Unrealized promise

The NMDPRA had last Thursday raised hope that the fuel shortage would soon be over, considering the expected arrival of imported products.

The Delta Coordinator of NMDPRA, Engr. Victor Ohwodiasa, had raised the hope after an unscheduled inspection visit to some petroleum depots at Ifiekporo Community, Warri South Local Government Area of Delta State.

He had said: “We will ensure that the depots receiving these products lift them out to the end users. By the time we have all the depots wet with PMS and they are lifting regularly, the looming scarcity we are experiencing will disappear. Once we get our daily manifest, we send our men out to make sure those trucks get to their actual locations.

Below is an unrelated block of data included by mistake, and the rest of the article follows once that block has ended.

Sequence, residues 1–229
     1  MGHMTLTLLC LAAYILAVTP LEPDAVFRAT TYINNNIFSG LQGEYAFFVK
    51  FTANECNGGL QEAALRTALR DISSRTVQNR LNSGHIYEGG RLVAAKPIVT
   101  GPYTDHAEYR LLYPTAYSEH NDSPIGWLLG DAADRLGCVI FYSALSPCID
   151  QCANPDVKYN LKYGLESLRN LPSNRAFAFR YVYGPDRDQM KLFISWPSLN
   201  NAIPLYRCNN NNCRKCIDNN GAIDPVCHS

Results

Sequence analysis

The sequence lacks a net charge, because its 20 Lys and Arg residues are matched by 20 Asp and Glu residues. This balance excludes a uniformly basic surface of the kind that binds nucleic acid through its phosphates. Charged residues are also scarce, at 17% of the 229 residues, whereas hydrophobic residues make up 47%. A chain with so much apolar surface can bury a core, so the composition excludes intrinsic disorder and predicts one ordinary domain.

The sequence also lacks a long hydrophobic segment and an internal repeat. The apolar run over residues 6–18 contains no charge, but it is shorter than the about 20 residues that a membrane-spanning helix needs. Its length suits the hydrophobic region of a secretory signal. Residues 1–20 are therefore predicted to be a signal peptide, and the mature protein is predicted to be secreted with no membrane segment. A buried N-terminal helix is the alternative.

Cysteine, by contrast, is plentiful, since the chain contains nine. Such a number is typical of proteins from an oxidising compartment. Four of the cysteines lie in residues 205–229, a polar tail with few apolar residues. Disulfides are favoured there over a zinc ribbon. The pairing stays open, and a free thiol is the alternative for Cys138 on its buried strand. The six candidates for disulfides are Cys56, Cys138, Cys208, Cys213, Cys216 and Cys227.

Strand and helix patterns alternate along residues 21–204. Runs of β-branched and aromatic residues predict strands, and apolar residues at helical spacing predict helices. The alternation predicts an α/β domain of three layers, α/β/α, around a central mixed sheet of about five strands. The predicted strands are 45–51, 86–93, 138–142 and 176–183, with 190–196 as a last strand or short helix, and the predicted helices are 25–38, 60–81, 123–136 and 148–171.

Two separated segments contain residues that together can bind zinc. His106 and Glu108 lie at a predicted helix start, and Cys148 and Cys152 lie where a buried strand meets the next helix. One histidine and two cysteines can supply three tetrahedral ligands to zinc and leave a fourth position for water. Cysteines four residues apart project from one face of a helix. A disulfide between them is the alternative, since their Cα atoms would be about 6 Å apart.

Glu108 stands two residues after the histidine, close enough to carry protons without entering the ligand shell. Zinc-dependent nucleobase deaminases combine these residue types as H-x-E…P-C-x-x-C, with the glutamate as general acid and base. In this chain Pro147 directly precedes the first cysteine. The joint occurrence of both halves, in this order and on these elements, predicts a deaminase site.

“There might be one or two infractions, we have apprehended about two persons for product diversion and they were made to face the full wrath of the law. As a regulatory authority saddled with the responsibility of regulating the Midstream and Downstream of the Oil and Gas sector in Nigeria. We will continue to do what we need to do to ensure that the products are available and adequately and fairly distributed within Delta and neighbouring states.”

Sadly, the situation remained unchanged in not only Delta but also in other states.

Labour, others caution

However, the Nigeria Labour Congress, NLC, and Trade Union Congress, TUC, have urged the Federal Government to put an end to the fuel shortages in the country.

The Presidents of NLC and the TUC said this in a statement, signed by Mr. Ayuba Wabba and Mr. Festus Osifo.